Part of a Series
My friend Ernie told me recently about a phone conversation that left him amazed at how powerfully and pervasively pop culture meanders willy-nilly across what he once imagined as impermeable racial boundaries.
Ernie, an African American, lives happily and leisurely in retirement at his suburban Atlanta home, where he loves gardening and watching baseball on television. On all-too-rare occasions, he escapes his house for another lifelong passion: listening to classical music at the Atlanta Symphony. But he hasn’t done this in more than five years.
A week or so ago, however, he received a call from a man trying sell him a subscription to the Atlanta Symphony.
(Let’s pause for a moment to acknowledge a set of risky assumptions here. My friend’s last name is Holsendolph; a fair guess is that a phone solicitor might never imagine an African-American household would have that surname on the roster of the symphony’s erstwhile patrons. Similarly, Ernie didn’t know for sure, but presumed the man on the other end of the line was white. “Well, he sounded white to me,” he said.)
“The guy said that in the past I’d been a subscriber but ‘we haven’t seen you in a minute,’” Ernie said. “In a minute! Here was a white guy who surely thinks I’m a white guy, talking about having not seen me in a minute.”
Those three words rang out in Ernie’s ears because he’s heard it lately as something of a catchphrase among the young black people at his church, or while hanging with his 30-year-old son Joseph, a hip-hop devotee and part-time event promoter.
“That struck me as something my son would say, but it was a startling thing for a phone solicitor to utter as he tried to sell me something,” Ernie told me, still marveling at how the phrase had seemingly crossed over to mainstream embrace. “I didn’t expect to hear a phrase from black culture coming from someone whom I’d thought would speak in a more general cultural way. What really impressed me was that I don’t think he did it in a calculating manner. It came across as just how he talked to anyone.”
I was unsuccessful in trying to identify and speak with the Atlanta Symphony solicitor who called Ernie, but was told by an official there that members of the development office don’t track the racial identity of people they solicit and that they don’t tailor their pitches by race.
Still, Ernie wondered aloud to me why it seems that popular idioms and catchphrases appear to flow in an acute direction—from black kids being cool to white copycats to mainstream acceptance.
Perhaps in a more segregated time this may have been closer to reality than it is today. Indeed, the history of American rock and roll, which is the prototypical example of youth-influenced pop culture, is a textbook case of white performers appropriating black musicians’ work (mostly without due compensation) and black performers being equally inspired by the larger, white world around them. But I’m not so sure that there ever was a time when the flow of idioms and ideas were the exclusive right of any segment of the American public. For certain, nobody or any group can lay exclusive claim to the cultural roots of American style or language.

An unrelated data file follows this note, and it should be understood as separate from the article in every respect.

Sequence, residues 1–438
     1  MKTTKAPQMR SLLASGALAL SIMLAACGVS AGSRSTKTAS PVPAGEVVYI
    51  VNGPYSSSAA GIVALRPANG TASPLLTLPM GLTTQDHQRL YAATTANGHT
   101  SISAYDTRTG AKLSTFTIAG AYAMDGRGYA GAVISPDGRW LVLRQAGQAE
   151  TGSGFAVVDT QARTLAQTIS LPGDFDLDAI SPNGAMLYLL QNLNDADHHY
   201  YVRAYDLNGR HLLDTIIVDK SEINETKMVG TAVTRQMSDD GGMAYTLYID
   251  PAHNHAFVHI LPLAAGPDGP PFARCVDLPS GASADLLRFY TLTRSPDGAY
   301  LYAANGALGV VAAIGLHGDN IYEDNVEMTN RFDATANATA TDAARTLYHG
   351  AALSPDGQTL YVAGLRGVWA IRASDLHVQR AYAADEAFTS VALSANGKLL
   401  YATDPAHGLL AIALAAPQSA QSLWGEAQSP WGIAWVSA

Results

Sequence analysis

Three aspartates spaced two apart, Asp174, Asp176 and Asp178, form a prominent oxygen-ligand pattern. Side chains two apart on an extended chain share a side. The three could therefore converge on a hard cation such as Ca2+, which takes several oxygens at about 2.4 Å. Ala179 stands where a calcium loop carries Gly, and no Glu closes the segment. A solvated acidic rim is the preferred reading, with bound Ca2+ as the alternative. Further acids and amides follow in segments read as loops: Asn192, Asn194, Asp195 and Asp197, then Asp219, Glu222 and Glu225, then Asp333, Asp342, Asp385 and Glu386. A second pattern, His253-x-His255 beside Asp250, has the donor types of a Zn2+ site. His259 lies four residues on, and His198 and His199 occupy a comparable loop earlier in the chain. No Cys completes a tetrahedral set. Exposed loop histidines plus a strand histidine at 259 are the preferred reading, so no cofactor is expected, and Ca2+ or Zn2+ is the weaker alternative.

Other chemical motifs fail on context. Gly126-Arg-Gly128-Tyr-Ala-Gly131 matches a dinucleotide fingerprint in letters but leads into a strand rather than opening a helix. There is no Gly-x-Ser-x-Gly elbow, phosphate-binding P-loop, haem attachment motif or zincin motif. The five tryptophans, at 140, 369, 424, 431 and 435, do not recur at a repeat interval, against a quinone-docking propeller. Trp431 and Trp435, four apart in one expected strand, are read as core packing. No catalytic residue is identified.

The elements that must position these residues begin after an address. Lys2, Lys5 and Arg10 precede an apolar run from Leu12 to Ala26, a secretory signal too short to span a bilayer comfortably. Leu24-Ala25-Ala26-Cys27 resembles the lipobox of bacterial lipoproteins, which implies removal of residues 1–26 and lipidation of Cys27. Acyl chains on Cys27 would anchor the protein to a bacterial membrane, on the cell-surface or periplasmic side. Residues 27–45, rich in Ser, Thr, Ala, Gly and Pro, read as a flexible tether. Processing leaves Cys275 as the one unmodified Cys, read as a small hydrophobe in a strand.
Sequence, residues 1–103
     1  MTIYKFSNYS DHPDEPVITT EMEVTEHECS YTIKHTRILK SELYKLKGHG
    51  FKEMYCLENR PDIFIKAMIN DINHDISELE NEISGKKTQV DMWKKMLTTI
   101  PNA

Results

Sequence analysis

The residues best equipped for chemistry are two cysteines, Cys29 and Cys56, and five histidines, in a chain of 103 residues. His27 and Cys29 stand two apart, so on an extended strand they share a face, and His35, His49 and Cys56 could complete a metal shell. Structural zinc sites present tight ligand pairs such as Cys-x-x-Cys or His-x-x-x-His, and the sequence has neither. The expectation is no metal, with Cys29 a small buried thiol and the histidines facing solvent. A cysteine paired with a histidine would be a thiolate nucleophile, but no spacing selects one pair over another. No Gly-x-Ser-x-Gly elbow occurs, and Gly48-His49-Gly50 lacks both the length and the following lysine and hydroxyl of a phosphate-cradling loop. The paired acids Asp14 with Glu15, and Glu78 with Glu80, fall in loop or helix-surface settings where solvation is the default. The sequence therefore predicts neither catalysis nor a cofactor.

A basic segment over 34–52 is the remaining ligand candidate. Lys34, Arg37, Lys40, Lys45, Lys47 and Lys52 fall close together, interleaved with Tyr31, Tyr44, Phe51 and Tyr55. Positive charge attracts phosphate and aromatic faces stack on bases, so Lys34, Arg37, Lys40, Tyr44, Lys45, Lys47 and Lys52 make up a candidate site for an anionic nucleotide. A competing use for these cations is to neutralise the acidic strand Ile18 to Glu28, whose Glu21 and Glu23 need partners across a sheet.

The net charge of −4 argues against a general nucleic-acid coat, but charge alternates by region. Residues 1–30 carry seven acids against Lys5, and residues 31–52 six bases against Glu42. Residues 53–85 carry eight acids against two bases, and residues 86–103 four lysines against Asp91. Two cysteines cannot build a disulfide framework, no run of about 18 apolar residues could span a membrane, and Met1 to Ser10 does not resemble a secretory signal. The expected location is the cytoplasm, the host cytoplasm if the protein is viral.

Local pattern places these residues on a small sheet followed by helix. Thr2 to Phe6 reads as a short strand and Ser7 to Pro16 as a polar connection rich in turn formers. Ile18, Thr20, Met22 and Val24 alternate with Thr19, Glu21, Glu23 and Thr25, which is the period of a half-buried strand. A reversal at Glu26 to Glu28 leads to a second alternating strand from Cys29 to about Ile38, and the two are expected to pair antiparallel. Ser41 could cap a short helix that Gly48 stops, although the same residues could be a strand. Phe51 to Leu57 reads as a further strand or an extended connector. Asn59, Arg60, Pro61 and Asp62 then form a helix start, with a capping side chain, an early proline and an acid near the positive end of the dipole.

To make my point, I asked Ernie’s son, Joseph, if he agreed with his old man. Predictably, he didn’t.
“There is culture within culture,” he said. “On a broader scale there is a pop culture, which is just what’s popular at the moment. The elements in that culture aren’t subject to race. The term “in a minute” is more of a pop culture phrase than a black culture phrase.”
To drive the point home, Joseph told me that in Atlanta nightclubs, where he hosts concerts and other events, black kids used to describe the latest new fashion by saying, “That’s what’s hot!”
“Black kids used to say that all the time, but the phrase got started by Paris Hilton, who definitely isn’t black but is a major influence on pop culture,” Joseph said. “A rapper by the name of Mims picked up on it with his song, ‘This Is Why I’m Hot,’ and that’s how black kids started using it.
“But nobody thought of it in a racial context one way or another,” Joseph concluded. “It was just a cool thing to say.”
Given the rich diversity of our youth culture, it’s increasingly difficult to draw bright borders around what is and isn’t cultural property owned exclusively by one group of people. This is a good and progressive thing, one that no less an authority than President Barack Obama seems to get intuitively—or at least, as he said recently in an interview with Rolling Stone co-founder and publisher Jann S. Wenner, he’s learning from his young daughters.
“My view on race has always been that it’s complicated,” the president said. “It’s not just a matter of head – it’s a matter of heart. It’s about interactions. What happens in the workplace, in schools, on sports fields, and through music and culture shapes racial attitudes as much as any legislation that’s passed. I do believe that we’re making slow and steady progress. When I talk to Malia and Sasha, the world they’re growing up with, with their friends, is just very different from the world that you and I grew up with.”
That’s the same new world that allows the Atlanta Symphony’s phone solicitor to speak in the vernacular that’s current and comfortable for him, without the self-conscious racial limitations that others might have imposed upon him in years past. No matter that he was selling classical music, he found a way to fuse together the sensibility of rap and pop culture. Most likely, that’s just how he rolls.
Sam Fulwood III is a Senior Fellow at the Center for American Progress and Director of the CAP Leadership Institute. His work with the Center’s Progress 2050 project examines the impact of policies on the nation when there will be no clear racial or ethnic majority by the year 2050.
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